<table width="100%" border="0" cellspacing="0" cellpadding="10"><tr valign="middle" bgcolor="#3e463b"><td height="40" colspan="3" align="center">The ongoing IL-2 User's Guide project (http://people.ee.ethz.ch/~chapman/il2guide/)</a></td></tr><tr bgcolor="#515e2f"><td width="40%">FB engine management:
Manifold Pressure sucks (http://www.avweb.com/news/columns/182081-1.html)
Those Marvelous Props (http://www.avweb.com/news/columns/182082-1.html)
Mixture Magic (http://www.avweb.com/news/columns/182084-1.html)
Putting It All Together (http://www.avweb.com/news/columns/182085-1.html)
Those Fire-Breathing Turbos (Part 1 of 6) (http://www.avweb.com/news/columns/182102-1.html)</td><td align="center">

‚ =69.GIAP=Chap‚

69.GIAP (http://www.baseclass.modulweb.dk/giap/)</p></td><td width="40%" align="right" valign="top">Hardware:
Flight Simulation Performance Analyzed (http://www.simhq.com/_air/air_062a.html)
Building a home-made throttle quadrant step by step (http://forums.ubi.com/messages/message_view-topic.asp?name=us_il2sturmovik_gd&id=zkavv)
Sound Can Be Hazardous for Games (http://www6.tomshardware.com/game/20030405/index.html)</td></tr></table>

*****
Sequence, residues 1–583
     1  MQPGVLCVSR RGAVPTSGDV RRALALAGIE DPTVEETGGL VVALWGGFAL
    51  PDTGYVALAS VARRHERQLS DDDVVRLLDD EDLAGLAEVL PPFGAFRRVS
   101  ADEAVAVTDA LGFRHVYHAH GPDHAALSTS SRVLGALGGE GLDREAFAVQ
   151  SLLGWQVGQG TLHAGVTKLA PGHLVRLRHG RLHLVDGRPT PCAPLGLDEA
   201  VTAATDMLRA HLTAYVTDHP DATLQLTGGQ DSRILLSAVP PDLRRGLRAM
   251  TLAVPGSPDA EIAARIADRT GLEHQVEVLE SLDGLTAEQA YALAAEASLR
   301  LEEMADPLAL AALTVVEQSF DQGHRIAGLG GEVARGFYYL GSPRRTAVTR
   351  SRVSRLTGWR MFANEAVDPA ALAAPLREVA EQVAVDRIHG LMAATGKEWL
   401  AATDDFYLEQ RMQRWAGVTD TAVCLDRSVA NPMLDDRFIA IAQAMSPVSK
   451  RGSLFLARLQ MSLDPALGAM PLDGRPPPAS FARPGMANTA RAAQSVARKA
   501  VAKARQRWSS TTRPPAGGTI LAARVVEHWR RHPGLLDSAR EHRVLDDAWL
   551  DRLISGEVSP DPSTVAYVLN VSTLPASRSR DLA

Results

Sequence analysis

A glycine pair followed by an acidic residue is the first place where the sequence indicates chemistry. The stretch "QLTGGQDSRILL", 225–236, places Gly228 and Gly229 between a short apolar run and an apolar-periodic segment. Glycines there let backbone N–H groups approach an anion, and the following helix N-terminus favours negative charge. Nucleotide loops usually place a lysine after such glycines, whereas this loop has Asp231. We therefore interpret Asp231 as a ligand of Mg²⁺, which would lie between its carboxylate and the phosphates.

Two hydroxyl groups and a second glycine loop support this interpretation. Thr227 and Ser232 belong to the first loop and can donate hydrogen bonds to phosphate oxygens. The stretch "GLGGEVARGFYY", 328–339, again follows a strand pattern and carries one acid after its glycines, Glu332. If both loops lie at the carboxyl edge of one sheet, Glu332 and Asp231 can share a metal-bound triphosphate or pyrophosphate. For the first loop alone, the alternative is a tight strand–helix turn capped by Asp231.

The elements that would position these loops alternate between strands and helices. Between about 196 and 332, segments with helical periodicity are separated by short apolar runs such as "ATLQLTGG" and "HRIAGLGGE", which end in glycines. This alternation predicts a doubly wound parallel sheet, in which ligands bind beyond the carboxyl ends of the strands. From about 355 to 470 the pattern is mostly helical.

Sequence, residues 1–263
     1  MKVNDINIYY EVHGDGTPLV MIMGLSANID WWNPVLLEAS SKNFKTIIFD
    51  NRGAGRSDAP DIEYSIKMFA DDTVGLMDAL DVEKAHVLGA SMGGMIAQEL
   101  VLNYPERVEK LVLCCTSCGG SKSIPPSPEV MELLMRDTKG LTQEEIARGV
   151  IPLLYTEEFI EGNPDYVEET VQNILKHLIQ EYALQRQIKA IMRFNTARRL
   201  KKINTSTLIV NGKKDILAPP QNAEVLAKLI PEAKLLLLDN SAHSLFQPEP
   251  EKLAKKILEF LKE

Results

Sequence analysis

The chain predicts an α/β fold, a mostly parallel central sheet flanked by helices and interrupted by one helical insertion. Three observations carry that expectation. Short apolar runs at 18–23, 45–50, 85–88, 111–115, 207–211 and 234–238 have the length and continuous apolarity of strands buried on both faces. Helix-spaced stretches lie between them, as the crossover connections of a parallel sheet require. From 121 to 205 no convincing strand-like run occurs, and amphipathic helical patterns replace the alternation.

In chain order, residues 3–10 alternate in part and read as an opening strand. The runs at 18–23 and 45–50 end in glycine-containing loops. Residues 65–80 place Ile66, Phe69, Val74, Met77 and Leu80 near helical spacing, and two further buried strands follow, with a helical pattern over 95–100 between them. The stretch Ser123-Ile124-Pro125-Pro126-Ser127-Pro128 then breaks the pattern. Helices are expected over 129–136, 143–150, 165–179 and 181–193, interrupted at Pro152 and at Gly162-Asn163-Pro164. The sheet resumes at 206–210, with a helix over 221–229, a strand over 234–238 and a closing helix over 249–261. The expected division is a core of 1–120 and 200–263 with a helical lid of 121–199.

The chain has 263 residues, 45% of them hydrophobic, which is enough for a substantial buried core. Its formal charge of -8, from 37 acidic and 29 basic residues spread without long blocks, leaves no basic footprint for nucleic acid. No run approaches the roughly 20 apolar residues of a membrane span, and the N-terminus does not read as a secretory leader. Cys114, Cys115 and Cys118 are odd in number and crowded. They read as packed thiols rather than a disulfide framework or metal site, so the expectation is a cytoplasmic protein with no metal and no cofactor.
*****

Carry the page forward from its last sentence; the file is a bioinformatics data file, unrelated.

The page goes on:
XyZspineZyX
08-21-2003, 11:51 AM
michapma wrote:
-
- inagadadavida,


Just thought I would throw this in in case no one else ever saw the interview ....

Doug Engle (sp) the guy that wrote the song, said in an interview that when he penned the song and was going through the cords, the other guys in the band that were present asked him about the refrain, "what are you saying ? as he was smashed drunk and slurring his speech heavily ..

In-A-Gadda-Da-Vida, he replied !

What ???

In-A-Gadda-Da-Vida !!

What ???

Damnit ...In-A-Gadda-Da-Vida !!!

OK ...

The next morning he explained to them the refrain was ..

In the garden of Eden ..


CC

XyZspineZyX
08-22-2003, 04:28 PM
Well, more practice today. I have got the 109 and 190 down pretty well. Tried the P40 and that is an easy bird to land and launch. Very good plane for beginners (at least for takeoffs and landings)-very forgiving. I suspect the Hurricane is the same. Tried the P47 only once and went in to slow. That fat bird dropped like a rock with predictable results. Not like the P40 at all-which simply floated in at slow speeds. I will try the fat girl today and bring her in a little faster and watch the altitude drop a little more carefully.